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Divided We Stand

Divided We Stand
New book about the 2020 election.

Monday, March 30, 2015

Israel and Republicans

Matt Brooks, executive director of the Republican Jewish Coalition, writes in The Washington Examiner:
I lead a partisan organization concerned with getting more Jewish Americans to vote for Republicans. My job is inherently political, but recently I have been shocked at how Israel, once a bipartisan issue, has become so very partisan.
Today, there is daylight between the state of Israel and the Democratic Party, owed in large part to Barack Obama. This daylight has been nurtured by a president who has allowed personal enmity for Prime Minister Netanyahu and a vainglorious attempt at a foreign policy legacy to hijack one of our most important international relationships.
Recently, Rep. Steve Israel, D-N.Y., wrote an op-ed in Politico complaining that Republicans were playing a "dangerous game" on Israel. Unfortunately it seems that Congressman Israel cannot escape his own bias in understanding the problems we face. It is the cynical political game Democrats and this president are playing with Israel, not Republicans.
Peter Baker reports at The New York Times:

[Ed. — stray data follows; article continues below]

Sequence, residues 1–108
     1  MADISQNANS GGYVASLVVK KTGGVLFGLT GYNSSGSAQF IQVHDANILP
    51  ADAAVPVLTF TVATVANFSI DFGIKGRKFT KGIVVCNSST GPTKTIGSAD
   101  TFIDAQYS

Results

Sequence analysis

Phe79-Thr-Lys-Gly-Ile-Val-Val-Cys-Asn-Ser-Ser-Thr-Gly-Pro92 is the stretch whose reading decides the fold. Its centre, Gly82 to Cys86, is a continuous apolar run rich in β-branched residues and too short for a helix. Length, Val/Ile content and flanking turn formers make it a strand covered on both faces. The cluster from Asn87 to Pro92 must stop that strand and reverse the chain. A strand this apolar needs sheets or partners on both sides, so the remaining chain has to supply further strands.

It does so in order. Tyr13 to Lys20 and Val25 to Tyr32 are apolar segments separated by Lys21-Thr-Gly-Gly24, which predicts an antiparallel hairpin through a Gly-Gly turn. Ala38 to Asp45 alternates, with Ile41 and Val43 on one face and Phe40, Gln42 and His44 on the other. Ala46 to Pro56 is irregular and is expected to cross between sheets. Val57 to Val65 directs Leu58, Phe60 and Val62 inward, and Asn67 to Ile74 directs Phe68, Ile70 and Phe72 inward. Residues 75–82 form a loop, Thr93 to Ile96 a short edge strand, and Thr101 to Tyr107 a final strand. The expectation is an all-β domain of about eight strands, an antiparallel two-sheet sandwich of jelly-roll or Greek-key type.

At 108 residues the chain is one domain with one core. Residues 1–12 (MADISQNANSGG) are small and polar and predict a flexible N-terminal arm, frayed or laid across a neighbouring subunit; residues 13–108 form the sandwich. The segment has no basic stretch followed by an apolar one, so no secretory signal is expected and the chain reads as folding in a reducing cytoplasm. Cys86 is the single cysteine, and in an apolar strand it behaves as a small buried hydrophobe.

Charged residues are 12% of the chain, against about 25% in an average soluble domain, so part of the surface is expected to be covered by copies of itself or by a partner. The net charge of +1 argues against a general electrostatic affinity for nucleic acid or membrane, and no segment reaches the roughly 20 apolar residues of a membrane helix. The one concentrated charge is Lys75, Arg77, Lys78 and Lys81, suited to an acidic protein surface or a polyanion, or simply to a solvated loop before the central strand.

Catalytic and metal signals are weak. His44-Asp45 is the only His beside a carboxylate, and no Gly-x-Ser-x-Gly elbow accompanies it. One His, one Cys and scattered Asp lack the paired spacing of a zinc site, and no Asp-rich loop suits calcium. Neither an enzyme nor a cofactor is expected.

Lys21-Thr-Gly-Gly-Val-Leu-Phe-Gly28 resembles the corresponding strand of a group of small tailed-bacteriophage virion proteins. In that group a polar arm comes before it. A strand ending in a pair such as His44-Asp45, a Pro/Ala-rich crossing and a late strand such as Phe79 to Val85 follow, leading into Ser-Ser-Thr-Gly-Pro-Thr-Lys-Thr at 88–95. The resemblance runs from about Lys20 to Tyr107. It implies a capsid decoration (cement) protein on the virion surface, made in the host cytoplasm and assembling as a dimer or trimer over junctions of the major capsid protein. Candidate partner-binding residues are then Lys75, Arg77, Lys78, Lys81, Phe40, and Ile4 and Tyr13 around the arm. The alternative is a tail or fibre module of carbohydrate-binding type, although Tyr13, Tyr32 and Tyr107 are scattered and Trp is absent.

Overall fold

That shift really began in earnest under President George W. Bush. Although he, too, had his differences with Jerusalem at times — he was the first president to make support for a Palestinian state official American policy — he became known as probably the strongest ally Israel had ever had in the Oval Office.
Ari Fleischer, the White House press secretary at the time, recalled a flare-up of violence between Israel and Arabs. He was given talking points with a typical American message for such episodes urging both sides to refrain from violence.
“I took them to Bush, and Bush said: ‘No, don’t say that. Just say this: Israel has a right to defend itself,’” Mr. Fleischer said. “It was one of those decisions that sent shock waves through the bureaucracy. But that was Bush.”
Mr. Bush, and other Republicans, came to identify with Israel’s struggle with terrorism. “Sept. 11 made it vivid, made it real and made it powerful,” said Mr. Fleischer, now a member of the Republican Jewish Coalition’s board of directors. “It happens to them, it happens to us, we’re on the same side. Being pro-Israel is a no-brainer, absolutely moral issue to take inside the Republican Party.”